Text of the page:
I’ve been waiting a week for the obituary on Augusto Boal that appeared in Saturday’s New York Times. He passed away last Saturday at the age of 78.
Boal was a giant figure and a defining influence on the practice of art that is simultaneously the practice of politics (and though some Boal disciples might disagree with me, the practice of spirituality), which is the intersection that feels most like home to me too. I was waiting for the obituary because I wanted to see if even the departure from this life of a person of tremendous importance to those of my ilk would be noticed by mainstream media that often seem complacently willing to skip over everything that lacks official imprimatur. (And if you question the challenge in my tone, go the Times site and search for “Augusto Boal.” Despite the fact that there are many theaters and even international organizations devoted to Boal’s ideas, in the archives of the New York Times, there’s barely a reference newer than the 70s.)
Boal’s ideas were aligned to those of Paulo Freire, whose startlingly fresh and wise thought on education (which burst into international awareness with the publication of his book Pedagogy of the Oppressed forty years ago) has been widely influential.
Like Freire’s, Boal’s work also turned on dialogue—a free exchange between equals—which he considered the ideal human experience. Using the language of theater to comment both on dramatic work and on the larger world, he asserts that oppression occurs when dialogue becomes monologue:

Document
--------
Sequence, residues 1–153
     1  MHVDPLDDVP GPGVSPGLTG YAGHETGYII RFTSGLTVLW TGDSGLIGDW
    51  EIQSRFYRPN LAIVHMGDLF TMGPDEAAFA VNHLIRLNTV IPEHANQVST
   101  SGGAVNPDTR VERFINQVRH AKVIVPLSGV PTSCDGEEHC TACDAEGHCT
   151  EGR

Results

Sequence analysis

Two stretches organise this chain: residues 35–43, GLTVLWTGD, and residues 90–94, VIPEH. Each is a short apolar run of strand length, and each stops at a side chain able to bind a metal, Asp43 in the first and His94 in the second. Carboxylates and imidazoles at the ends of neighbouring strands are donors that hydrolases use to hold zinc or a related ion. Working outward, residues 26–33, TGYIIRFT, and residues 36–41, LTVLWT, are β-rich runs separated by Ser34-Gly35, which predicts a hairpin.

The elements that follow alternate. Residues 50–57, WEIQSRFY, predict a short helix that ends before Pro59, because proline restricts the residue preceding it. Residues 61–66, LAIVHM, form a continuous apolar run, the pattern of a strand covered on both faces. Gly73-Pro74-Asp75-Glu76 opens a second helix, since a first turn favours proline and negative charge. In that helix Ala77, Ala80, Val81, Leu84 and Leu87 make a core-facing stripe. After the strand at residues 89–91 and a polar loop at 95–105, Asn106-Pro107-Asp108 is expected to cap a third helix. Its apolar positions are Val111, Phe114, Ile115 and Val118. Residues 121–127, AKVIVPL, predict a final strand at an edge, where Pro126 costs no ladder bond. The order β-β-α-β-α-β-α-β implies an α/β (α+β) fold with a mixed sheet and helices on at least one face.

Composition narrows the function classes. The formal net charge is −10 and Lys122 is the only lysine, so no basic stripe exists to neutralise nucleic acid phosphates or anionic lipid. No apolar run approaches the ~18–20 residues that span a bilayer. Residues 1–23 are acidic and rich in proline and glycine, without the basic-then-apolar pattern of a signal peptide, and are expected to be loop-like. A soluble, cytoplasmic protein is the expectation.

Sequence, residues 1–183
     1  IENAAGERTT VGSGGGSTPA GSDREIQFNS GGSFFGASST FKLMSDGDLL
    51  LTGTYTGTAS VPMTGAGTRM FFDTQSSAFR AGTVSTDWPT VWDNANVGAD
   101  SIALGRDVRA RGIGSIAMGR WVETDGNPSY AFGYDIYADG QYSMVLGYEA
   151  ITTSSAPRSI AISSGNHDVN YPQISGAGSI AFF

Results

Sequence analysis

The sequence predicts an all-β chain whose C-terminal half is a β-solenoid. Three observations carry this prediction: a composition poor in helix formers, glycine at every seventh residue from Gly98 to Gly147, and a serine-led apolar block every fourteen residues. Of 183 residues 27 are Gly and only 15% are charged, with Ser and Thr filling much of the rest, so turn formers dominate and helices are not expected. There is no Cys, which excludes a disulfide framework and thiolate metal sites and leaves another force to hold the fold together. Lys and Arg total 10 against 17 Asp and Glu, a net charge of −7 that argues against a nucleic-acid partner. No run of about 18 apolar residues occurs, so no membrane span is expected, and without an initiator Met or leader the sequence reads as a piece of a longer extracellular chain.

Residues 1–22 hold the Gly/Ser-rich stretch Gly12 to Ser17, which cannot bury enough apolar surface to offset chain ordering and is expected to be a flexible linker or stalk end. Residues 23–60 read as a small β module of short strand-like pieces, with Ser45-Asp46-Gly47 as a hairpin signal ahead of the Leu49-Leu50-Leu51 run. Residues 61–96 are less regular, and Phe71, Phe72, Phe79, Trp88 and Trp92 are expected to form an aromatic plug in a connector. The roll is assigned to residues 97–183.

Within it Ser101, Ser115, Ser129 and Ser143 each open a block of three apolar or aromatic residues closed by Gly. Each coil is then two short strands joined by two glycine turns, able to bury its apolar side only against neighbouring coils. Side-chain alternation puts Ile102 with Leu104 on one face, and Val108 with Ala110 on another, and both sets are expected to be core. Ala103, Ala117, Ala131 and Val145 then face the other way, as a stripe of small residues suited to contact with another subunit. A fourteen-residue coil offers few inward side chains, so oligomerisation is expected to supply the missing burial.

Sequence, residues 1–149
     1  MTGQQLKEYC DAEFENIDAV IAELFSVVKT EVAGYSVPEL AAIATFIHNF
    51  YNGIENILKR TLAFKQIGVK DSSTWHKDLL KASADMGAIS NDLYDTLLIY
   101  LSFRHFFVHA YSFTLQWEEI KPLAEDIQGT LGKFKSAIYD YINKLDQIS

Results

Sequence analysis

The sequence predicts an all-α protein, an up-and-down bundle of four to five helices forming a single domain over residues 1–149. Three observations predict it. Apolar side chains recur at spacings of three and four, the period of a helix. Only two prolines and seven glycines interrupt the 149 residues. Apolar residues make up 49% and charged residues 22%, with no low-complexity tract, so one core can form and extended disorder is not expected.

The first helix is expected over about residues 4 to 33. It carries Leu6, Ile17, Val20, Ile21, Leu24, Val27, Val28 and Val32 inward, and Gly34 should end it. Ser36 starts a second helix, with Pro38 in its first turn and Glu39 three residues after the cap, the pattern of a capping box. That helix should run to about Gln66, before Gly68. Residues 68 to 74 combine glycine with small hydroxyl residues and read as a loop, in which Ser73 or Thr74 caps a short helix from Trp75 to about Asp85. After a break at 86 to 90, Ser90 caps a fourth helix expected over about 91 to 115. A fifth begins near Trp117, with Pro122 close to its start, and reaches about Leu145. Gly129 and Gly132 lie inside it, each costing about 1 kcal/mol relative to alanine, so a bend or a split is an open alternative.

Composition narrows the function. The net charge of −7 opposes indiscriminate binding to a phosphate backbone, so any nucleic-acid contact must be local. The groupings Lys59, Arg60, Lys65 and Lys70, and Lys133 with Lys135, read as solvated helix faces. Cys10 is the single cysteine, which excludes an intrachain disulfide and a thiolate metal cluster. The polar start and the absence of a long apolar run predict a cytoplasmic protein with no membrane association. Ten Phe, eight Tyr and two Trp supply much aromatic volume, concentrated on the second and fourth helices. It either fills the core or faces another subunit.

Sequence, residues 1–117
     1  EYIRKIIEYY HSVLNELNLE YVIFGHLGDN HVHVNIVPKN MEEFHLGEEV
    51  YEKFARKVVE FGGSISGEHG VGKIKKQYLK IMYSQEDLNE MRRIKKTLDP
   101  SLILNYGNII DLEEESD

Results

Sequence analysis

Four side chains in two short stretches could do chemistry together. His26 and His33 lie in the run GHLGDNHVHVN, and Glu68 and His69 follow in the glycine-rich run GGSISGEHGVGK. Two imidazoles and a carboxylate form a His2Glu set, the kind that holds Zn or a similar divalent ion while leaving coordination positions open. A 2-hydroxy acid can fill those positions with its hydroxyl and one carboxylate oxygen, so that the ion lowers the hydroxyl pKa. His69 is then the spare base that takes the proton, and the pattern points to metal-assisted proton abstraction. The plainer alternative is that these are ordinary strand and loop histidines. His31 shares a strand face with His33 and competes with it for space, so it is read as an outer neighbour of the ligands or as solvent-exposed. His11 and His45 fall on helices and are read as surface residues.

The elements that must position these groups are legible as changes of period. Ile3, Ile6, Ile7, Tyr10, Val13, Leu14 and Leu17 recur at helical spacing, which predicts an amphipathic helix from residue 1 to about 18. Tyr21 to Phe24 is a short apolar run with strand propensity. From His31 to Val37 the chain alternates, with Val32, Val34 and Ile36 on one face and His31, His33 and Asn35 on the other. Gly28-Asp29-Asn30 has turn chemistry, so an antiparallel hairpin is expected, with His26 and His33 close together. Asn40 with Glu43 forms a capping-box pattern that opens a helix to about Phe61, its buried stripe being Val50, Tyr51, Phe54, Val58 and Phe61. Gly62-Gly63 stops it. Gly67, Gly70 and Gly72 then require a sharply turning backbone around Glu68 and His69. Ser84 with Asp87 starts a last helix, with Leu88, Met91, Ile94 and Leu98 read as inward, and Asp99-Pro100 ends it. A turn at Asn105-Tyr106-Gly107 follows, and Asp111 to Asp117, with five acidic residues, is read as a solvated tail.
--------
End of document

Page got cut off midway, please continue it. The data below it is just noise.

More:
[T]he ruling classes took possession of the theater and built their dividing walls. First, they divided the people, separating actors from spectators: people who act and people who watch—the party is over! Secondly, among the actors, they separated the protagonists from the mass. The coercive indoctrination began!
Now the oppressed people are liberated themselves and, once more, are making the theater their own. The walls must be torn down.
Of all Boal’s techniques (and there were many, “invisible theater,” “image theater,” “legislative theater,” etc.), Forum Theatre has had the widest influence on community cultural development work, the field in which I am most involved. Forum Theatre practitioners set up situations in which actors are not divided from spectators; rather, all are “spectactors,” able to cross the invisible “fourth wall” of the theater and enter the action. Together they share stories of unresolved political or social problems. Then a smaller group of spectactors devises a skit or scene (perhaps ten minutes in length) encapsulating the salient elements of one or more stories, including a possible (but ultimately unsatisfactory) resolution. This is performed for the group.
For instance, a group of workers might enact the process of registering
a grievance with management and when satisfaction is not forthcoming,
staging a wildcat strike.) Then the “Joker,” a kind of facilitator, asks members of the larger group to consider whether they are satisfied with the proposed resolution and if not, to imagine other points of intervention, other ways to proceed.